I love the process of painting and sculpting but I also find it stressful, but I still keep doing it. It’s almost like an addiction.... Every decision, conscious or subconscious, that you make, you are still trying to figure out and almost get it perfect. In terms of evolution... from the first show, it was more collage canvas... I was cutting up canvases and sticking them on more canvases. My paintings have moved from that to more mixed media and magazine collage on canvas. Also, in terms of what I am making, earlier it was a little more abstract, now, it’s a little more figurative.
Now that you are also looking to hone your skills, what is the vision you have?
I actually want to experiment with so many different materials. I want to work with glass and wood and once I am around those materials and there are people working on them and I am learning from them, I will be able to apply it to my art as well. I am also trying to create a contemporary figure. For example, everyone relates to Mickey Mouse and there is this artist Kaws who I look up to and he is creating these gigantic Mickey Mouse figures and showing them in museums. He just created his own version of the figure. What I am trying to do is create a figure more representative of our times. It is a non-realistic figure. So, everyone can relate to it. It’s not exactly a toy, but those larger figures with the faces I do....
Will art take precedence then? Or, are you just going with the flow?
It’s almost like a 50-50. I am spending half my time there and half my time here. The (fashion) label is something we always have to be a part of and I am looking into the finance and the management and a little bit of the design work.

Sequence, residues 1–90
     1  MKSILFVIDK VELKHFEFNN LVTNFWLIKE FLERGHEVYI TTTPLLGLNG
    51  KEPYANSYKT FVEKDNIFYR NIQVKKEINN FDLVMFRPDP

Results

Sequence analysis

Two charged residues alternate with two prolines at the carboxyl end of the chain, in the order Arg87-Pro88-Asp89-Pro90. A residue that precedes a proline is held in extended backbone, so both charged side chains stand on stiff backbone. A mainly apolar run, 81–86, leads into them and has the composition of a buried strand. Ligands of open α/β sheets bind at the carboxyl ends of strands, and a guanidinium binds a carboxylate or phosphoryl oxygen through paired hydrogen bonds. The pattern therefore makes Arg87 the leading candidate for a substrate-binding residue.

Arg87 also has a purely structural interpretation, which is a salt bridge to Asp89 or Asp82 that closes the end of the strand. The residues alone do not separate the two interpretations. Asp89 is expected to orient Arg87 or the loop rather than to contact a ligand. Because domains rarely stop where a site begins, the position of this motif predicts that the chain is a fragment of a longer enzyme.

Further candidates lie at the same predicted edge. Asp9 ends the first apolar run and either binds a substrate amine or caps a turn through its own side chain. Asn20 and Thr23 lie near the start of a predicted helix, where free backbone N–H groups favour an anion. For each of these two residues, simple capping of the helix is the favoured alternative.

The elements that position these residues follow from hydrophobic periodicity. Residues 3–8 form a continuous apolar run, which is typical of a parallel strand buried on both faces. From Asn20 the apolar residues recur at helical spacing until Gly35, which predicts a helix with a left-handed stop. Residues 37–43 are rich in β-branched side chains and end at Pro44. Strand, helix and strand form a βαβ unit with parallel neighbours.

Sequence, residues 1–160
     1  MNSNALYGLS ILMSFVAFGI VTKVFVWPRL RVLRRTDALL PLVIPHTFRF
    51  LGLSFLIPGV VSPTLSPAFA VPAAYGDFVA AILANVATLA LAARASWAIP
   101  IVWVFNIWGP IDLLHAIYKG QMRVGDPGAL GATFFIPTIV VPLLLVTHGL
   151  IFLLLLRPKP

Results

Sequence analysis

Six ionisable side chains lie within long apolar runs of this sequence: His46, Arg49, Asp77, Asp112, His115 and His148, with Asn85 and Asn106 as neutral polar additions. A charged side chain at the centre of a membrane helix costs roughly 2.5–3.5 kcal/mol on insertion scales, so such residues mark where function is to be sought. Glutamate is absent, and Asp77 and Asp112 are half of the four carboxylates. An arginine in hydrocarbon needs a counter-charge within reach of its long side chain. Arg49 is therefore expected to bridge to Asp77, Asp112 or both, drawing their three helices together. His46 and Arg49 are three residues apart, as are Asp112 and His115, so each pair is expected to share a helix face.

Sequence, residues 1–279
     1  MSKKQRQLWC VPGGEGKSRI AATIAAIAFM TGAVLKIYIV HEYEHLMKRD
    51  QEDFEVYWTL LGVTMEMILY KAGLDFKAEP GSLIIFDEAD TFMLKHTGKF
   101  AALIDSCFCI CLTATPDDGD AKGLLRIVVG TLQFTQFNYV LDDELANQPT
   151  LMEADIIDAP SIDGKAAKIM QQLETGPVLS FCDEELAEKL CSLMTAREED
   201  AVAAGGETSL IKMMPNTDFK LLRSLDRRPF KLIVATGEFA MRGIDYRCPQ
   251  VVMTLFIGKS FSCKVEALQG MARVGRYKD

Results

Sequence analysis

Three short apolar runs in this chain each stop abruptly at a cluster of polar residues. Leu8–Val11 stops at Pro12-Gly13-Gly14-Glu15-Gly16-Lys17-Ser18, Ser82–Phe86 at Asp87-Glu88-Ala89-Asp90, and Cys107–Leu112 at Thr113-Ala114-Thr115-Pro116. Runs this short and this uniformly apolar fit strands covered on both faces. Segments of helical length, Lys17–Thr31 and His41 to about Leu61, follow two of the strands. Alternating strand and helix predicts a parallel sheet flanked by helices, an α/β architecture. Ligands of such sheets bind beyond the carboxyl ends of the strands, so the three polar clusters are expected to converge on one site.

Are you enjoying this more?
This is something I am more passionate about. I enjoy both. I wouldn’t say I don’t enjoy that.
Works of art from Viraj Khanna’s ‘What My Mother Didn’t Teach Me... & Some Things She Did!’ that will travel to Mumbai for a solo showing at Tao Art Gallery, curated by Sanjana Shah, previewing on February 25
What has been your mom’s reaction?
She is very proud and supportive. She is also very critical of my work and if she doesn’t like something, she’ll be like ‘burn it’. (Laughs) So, I get super honest, critical feedback about what she thinks about my work. I am happy she likes it overall.
Who are the artists of the moment for you?
Kaws is a really big influence because he blurs the lines between commercial and fine arts. Jeff Koons obviously. The art critics hate him but he is one breaking all the auction records. Javier Calleja is making a lot of the fun stuff. I also look up to Dana Schutz, from New York.